Whiteboarding has long been an extremely useful tool for team collaboration. But as teams become virtual, particularly in a hybrid workplace, and video meetings replace in-person meetings, this effective collaboration tool has not made the required transition. Ideas for incorporating whiteboards into video meetings have largely been unsuccessful. Why it is so!, Varun Nair, B2B Marketing Head-India & SWA, Logitech Electronics, explores it here.
The good news, by the way? ITDMs can fix this situation.
As workplaces continue to evolve post-pandemic, an increasing number of knowledge workers are likely to split their work time between the office and home. In this hybrid model, it’s vitally important that remote employees have all the same information and the same ability to contribute as employees who are in the office.
Video meetings help immensely. But effective collaboration requires other tools beyond video conferencing. One tool employees need and want is a standard whiteboard, which allows impromptu brainstorming, sketching, note taking, and so on.
For visual brainstorming and ideation, whiteboards are the perfect tool. These collaboration tools can take various forms, including dry erase boards, whiteboard walls, even glass panes. They’re great for diagramming, illustrating concepts, free-form note-taking, organizing thoughts with sticky notes, etc. And when all attendees are present in the same room, whiteboards work well. Unfortunately, the whiteboard is often absent in video meetings—and employees miss it.
Perhaps, the major problem with whiteboarding during video meetings is that remotely located participants are seldom actively involved, the way people in the room are. More often than not, remote participants feel left out. Their input and opinions, while valuable, often do not become part of the discussion.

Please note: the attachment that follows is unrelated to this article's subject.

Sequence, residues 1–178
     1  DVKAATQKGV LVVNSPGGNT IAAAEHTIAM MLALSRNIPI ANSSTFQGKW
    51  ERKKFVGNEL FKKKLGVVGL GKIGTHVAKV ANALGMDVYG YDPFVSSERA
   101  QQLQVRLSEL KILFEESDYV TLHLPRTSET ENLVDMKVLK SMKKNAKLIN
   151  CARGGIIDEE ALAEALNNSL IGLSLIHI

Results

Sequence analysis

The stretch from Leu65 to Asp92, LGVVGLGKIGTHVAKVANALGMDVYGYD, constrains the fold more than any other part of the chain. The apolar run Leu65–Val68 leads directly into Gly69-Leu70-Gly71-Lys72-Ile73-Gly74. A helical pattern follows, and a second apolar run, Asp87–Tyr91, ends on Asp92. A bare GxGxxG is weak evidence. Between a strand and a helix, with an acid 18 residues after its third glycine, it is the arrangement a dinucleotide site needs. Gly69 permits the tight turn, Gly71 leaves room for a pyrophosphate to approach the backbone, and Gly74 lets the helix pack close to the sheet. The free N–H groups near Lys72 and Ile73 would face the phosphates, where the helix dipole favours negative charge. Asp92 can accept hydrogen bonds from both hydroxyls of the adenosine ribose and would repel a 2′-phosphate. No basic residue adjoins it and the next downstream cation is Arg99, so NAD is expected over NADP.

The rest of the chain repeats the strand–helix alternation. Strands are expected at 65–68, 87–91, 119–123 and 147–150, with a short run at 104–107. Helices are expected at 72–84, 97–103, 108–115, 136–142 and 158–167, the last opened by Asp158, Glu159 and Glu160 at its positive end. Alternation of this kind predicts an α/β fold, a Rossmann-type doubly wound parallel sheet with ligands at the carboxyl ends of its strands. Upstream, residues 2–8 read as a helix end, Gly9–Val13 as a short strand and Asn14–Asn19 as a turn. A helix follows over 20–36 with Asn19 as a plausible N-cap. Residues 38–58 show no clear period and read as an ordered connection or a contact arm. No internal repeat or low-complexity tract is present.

Sometimes, a meeting organizer will point a video conferencing camera or webcam at the whiteboard, but the person writing on it will often block part of the view. Even when that person steps out of the frame, the whiteboard can be hard to read because of the size of the image, of glare from lights and windows, or a skewed perspective from the camera angle.
Sometimes people resort to taking photos of the whiteboard to share with remote participants. If the photos are sent after the meeting is over, it’s too late for remote attendees to contribute. If the photos are sent during the meeting, in-room participants may have already moved on by the time remote attendees can respond. Neither is ideal, and both can be disruptive to the creative flow. In the end, for remote attendees it’s like watching other people collaborate.
A third approach organizations have taken is to purchase “interactive whiteboards.” These digital screens emulate the function of a traditional whiteboard or dry erase board. When the person using one is trained and familiar with the digital whiteboard, it can be an effective tool.
However, because of cost and complexity, organizations may purchase only a limited number of interactive whiteboards and place them strategically around the office.
An ideal solution to the problem of how to incorporate whiteboards into video meetings should meet the following criteria:
- It should democratize the collaboration experience to ensure everyone can contribute freely to the discussion
- It should be simple to use – the easier, the better
- It should take advantage of an existing process, leveraging the familiarity of whiteboarding to encourage user adoption
- It should extend your meeting room ecosystem and work seamlessly with your other video conferencing devices and applications
- It should be easy and fast to install so it can be deployed widely throughout your organization’s meeting rooms
Logitech’s answer to this is Logitech Scribe, an AI-powered whiteboard camera that brings the whiteboard into video meetings. Integrated with Microsoft Teams Rooms, Zoom Rooms, and other leading video conferencing services, Scribe broadcasts whiteboard content into video meetings with outstanding clarity. With Scribe, even remote participants can have the best seat at the table.